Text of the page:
Q-300. Impact of Growth Phase and Copper Toxicity on Elemental Composition of Nitrosomonas europaea

R. Yu1, B. Lai2, S. Vogt2, I. Noyan1, K. Chandran1;
1Columbia Univ., New York, NY, 2Advanced Photon Source, Argonne Natl. Lab., Argonne, IL.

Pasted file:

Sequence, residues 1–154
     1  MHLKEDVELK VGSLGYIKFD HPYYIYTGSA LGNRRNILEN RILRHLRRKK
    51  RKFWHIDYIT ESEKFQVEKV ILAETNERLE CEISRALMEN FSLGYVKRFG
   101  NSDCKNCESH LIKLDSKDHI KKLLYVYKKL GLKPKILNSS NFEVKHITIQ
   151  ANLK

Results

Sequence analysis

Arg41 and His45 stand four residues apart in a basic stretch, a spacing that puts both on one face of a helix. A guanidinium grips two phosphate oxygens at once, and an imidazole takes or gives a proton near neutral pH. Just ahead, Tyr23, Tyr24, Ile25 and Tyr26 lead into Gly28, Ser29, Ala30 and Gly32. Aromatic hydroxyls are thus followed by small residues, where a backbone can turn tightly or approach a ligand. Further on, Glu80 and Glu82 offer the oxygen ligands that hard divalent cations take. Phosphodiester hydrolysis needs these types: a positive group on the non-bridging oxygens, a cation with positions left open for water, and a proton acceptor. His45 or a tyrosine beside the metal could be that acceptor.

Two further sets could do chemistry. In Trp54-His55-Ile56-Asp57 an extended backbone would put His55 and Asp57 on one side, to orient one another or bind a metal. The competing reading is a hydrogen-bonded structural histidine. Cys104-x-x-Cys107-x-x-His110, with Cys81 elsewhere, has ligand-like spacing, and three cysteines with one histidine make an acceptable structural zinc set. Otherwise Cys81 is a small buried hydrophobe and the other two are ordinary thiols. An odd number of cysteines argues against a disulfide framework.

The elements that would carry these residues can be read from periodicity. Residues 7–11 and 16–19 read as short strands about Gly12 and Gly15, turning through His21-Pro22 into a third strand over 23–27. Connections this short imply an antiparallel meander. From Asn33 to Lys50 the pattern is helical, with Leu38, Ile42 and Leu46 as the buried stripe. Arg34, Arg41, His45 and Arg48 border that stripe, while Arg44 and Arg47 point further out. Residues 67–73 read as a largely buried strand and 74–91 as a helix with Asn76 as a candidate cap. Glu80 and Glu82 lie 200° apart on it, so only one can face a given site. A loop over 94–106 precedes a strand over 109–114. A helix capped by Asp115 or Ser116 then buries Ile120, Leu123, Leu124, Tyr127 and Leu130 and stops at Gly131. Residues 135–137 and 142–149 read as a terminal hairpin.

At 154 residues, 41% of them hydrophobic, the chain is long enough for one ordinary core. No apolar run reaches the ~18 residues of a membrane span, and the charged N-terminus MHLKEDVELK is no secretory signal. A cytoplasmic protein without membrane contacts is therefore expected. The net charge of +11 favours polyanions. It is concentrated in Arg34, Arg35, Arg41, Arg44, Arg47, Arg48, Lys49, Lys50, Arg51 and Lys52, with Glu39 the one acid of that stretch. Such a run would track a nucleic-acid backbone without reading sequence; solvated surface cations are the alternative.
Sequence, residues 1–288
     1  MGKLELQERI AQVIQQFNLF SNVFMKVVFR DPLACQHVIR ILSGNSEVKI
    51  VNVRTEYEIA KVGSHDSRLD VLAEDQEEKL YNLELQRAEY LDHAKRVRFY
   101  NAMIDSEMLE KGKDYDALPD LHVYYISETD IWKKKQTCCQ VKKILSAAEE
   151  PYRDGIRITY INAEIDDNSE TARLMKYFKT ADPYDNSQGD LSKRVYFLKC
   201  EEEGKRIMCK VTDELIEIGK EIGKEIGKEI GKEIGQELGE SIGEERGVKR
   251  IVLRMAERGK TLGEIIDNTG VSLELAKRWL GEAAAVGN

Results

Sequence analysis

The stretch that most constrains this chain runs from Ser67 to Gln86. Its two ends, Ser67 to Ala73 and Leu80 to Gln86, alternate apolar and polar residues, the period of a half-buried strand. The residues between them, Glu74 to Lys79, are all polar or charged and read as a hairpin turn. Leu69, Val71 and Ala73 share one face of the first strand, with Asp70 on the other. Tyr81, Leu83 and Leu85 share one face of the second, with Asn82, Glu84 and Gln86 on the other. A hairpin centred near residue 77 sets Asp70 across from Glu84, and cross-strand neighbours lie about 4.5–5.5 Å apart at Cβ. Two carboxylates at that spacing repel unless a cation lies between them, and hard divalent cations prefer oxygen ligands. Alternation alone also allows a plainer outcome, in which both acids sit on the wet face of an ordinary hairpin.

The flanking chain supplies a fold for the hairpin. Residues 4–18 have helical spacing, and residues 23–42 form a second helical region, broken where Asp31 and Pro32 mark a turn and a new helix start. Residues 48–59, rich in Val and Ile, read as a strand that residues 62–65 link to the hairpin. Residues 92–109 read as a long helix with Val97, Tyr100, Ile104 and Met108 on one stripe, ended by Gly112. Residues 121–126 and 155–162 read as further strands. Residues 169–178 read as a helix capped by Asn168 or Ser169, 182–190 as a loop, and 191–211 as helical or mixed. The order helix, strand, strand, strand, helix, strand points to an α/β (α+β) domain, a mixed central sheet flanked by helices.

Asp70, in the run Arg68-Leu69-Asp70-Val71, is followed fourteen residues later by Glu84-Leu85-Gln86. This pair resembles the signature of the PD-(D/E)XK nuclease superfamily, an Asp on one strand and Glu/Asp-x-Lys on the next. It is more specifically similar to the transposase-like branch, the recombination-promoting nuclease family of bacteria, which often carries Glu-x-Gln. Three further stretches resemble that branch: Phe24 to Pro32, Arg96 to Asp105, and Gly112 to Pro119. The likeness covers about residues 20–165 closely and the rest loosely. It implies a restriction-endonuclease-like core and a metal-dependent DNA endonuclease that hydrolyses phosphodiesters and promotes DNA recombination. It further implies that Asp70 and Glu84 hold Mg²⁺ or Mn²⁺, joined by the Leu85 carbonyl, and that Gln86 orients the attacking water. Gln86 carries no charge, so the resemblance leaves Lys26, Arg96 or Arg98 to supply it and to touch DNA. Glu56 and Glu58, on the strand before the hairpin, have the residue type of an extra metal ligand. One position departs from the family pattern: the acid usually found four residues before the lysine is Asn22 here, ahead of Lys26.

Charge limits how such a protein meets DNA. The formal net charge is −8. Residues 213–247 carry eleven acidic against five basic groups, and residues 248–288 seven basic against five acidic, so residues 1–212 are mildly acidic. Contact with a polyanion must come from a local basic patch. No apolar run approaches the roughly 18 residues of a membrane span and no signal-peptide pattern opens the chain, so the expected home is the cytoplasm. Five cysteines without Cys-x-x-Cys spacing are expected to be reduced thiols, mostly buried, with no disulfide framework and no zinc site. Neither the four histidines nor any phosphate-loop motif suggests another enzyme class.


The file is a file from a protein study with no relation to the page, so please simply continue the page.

Background: The guiding hypothesis of this study was that the elemental make-up of a cell can be significantly influenced by its physiology and exposure to stress. The elemental composition of Nitrosomonas europaea (an autotrophic ammonia oxidizing bacterium) was studied via synchrotron microbeam X-ray fluorescence (SMXRF) during batch growth and copper (Cu) intoxication. SMXRF is a novel and sensitive technique for determining a cell’s elemental composition, concentration and spatial distribution. Copper was chosen since it is a widespread environmental pollutant and a cofactor in several essential enzymes in N. europaea. Methods: Total cell concentration, activity, gene expression and elemental composition of N. europaea cultures were measured during lag, exponential and stationary phases. Exponential cultures were exposed to 0.1, 0.5 and 1 mM copper sulfate for 4 h. Results: Cu limitation (inferred from progressively lower intracellular Cu levels) was observed as the cells transitioned from lag phase to exponential and stationary phases and is in line with the supposed high cellular Cu requirement of N. europaea. Cu exposure resulted in significant, saturation-type intracellular Cu accumulation accompanied by reduced total cell abundance, membrane integrity, specific oxygen uptake rate, (sOUR) and ammonia monooxygenase subunit A (amoA) expression. Notably, the toxicity coefficients for sOUR and amoA expression were in close correspondence. Cu toxicity resulted in significant efflux of potassium (K+) indicating that the glutathione gated potassium efflux (GGKE) stress response was involved. Cellular concentrations of several other elements increased unexpectedly at the 0.5mM Cu dose before decreasing uniformly at a dose of 1mM Cu, due to eventual membrane damage (confirmed experimentally). Conclusions: SMXRF afforded unique insights into the elemental composition of N. europaea during batch growth and Cu intoxication. Cu-limitation occurred during batch growth of N. europaea and Cu-induced toxic responses included selective K+ efflux, transient accumulation of several metals and ultimately, membrane damage.